Cleaning Ashtabula or One Piece Cranks

One of my least favorite jobs is cleaning out a bottom bracket, along with getting the caked grease off the area around the bottom bracket. Often, you get old grease, sand, and assorted junk on everything, including you. Here is how I do it.



First, I remove the bottom bracket assembly. It's pretty basic- everything on the non-drive side of the bike should be reverse threaded (turn clockwise to loosen on that side). I heat the nuts and bearing races on the non-drive side with a small butane lighter-type torch (not the big one, the little precise one) and wick some kroil into the threads on the crank. I then take a good adjustable wrench and begin disassembly. Below is my wrench of choice for these: a large mouth Channel Lock brand with a rubber handle. These seem to have wider mouths compared to comparably sized wrenches, which is extremely helpful with one piece cranks and larger headset nuts.




After disassembling, I hit everything with a degreaser/cleaner. I like 409 cleaner for this. I scrub with bronze wool. I avoid steel wool because I like the softer, coarser bronze wool much better. I actually don't use steel wool on anything bike-related, come to think of it. I stick to bronze.



I also take the components to the bearings/nuts/races/spacers and soak them in a cup of 409. I use a string to keep them in the order they go on the bike, as well as keep them together. I clean them together and do not separate the string until I'm ready to reassemble later. This helps keep everything in order. After finishing the chain ring, it looks nice and clean, as shown below. This is a skip tooth Schwinn chain ring.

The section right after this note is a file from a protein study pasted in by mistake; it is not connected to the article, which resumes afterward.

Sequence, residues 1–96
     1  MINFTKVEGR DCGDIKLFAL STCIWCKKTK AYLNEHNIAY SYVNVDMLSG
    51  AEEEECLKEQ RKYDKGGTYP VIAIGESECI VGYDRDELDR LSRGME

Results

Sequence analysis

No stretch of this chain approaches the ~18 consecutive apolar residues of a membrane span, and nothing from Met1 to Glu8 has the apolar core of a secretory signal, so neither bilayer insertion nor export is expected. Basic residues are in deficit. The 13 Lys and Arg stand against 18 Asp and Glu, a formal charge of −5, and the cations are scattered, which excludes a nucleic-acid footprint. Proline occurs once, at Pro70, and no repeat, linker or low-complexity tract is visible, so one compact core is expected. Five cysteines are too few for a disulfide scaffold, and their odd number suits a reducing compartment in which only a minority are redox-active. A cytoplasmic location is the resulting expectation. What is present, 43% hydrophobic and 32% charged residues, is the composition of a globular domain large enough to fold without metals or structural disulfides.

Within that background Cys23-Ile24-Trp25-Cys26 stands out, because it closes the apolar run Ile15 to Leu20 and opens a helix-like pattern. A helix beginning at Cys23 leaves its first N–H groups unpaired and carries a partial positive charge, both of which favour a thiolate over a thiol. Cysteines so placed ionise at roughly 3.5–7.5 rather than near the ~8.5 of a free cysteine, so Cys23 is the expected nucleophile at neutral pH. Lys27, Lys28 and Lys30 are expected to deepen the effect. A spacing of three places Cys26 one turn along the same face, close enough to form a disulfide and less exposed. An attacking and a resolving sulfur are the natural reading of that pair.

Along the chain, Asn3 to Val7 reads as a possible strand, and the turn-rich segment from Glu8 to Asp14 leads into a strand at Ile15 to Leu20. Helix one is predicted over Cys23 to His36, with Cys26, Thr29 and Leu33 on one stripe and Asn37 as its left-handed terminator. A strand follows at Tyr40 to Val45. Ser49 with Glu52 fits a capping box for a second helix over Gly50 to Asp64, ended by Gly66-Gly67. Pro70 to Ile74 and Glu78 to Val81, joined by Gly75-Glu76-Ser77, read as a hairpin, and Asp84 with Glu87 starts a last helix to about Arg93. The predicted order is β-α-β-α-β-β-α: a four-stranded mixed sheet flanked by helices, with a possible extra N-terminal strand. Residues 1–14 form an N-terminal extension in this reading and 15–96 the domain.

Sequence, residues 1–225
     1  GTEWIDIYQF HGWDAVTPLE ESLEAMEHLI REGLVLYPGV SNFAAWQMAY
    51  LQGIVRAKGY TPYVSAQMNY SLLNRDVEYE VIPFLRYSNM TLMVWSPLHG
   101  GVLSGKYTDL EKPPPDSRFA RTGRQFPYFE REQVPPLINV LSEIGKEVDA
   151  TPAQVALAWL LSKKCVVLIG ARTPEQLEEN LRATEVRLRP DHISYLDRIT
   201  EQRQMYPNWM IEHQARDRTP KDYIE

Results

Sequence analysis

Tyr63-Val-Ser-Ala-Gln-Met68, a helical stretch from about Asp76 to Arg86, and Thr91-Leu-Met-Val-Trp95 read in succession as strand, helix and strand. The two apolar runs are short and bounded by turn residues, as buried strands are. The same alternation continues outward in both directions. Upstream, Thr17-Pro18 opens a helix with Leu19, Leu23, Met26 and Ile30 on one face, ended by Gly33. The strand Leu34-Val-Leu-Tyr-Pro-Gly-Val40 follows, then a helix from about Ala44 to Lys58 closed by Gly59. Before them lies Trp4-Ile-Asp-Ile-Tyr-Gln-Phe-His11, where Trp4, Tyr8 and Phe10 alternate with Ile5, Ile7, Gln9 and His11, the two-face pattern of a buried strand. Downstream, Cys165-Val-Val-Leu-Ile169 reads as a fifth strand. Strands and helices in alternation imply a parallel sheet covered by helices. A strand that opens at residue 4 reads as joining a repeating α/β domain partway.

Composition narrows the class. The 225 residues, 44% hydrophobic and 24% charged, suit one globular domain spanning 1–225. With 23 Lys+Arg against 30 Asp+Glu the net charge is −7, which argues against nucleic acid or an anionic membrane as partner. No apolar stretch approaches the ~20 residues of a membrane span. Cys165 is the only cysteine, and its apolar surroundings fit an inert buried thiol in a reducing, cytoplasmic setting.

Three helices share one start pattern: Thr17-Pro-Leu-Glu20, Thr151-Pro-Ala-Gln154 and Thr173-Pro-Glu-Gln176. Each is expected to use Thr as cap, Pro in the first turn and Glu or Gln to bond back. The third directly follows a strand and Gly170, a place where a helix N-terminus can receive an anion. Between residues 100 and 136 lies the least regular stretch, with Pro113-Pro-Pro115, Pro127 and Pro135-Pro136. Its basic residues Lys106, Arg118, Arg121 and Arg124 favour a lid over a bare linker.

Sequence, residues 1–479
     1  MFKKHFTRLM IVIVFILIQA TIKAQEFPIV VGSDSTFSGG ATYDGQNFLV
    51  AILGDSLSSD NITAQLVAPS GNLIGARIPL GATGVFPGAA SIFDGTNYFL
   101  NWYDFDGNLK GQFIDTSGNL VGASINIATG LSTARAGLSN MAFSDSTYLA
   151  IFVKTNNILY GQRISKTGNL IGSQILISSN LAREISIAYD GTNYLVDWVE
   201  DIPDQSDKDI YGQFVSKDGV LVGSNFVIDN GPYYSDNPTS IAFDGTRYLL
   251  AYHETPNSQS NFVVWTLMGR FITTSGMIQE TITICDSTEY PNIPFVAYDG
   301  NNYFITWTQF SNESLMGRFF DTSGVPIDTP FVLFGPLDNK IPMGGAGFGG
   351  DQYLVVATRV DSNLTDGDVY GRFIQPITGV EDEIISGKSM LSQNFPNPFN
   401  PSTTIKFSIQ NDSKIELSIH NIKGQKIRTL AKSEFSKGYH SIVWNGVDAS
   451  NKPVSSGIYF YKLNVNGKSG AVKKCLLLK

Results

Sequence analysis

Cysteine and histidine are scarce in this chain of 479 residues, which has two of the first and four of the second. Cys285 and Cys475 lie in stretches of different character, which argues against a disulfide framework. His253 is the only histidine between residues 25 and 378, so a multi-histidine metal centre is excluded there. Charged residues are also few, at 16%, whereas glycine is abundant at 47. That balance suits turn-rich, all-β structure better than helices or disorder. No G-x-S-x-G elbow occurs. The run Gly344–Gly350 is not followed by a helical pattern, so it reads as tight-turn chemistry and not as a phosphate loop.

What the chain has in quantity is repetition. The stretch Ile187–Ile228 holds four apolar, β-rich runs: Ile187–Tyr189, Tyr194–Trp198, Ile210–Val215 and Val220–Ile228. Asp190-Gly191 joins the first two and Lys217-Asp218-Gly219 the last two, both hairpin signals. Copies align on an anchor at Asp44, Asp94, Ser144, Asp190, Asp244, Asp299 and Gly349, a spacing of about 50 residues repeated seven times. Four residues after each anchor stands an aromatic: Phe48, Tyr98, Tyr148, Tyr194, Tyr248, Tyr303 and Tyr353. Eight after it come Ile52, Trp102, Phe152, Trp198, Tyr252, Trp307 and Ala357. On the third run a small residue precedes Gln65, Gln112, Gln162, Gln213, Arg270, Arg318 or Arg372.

Next, move on to the crank arms. Degrease with the bronze wool and 409, then hit them with bronze wool and WD40 to remove the rust. You can alternatively soak in Oxalic Acid for rust removal. You have to degrease first either way. I did these with the bronze wool since I didn't want to mix up a soak just for this part tonight. As you see below, it came out just fine.



Then I head back to the frame and begin working on the bottom bracket cups. For these, I use a paper towel soaked in 409. I do NOT use bronze wool, steel wool or anything particularly abrasive. It is very important not to score the inner surfaces of the cups up, since their smoothness will help ensure smooth pedaling. I use a paper towel and hard work instead. It comes out nice and clean.




Next, I hit up the outside of the bottom bracket region. This particular bike was caked in old grease and sand mixed up. They formed a tar-like substance. I used a Dremel cleaning brush to remove the caked substance. The picture above clearly shows that external cake, but below you see it's just about gone.




Now, it's back to those soaking vitals. Pull them out and wipe them down. Even tough grease gives way with a soaking and wipe down. I use a soft cloth for this usually, but tonight I'm down to paper towels. Paper towels annoyingly tend to leave little pieces to pick out of the bearing cages. The soft cloth is better.


Once they are clean, I liberally coat them in WD40 to displace the 409, and let them soak in WD 40 overnight in the cup. This keeps out the moisture. When I'm ready to reassemble, I'll use a good quality lithium grease on these. 



 Here you see a little progress shot- you can start to see it, but it still has a ways to go.









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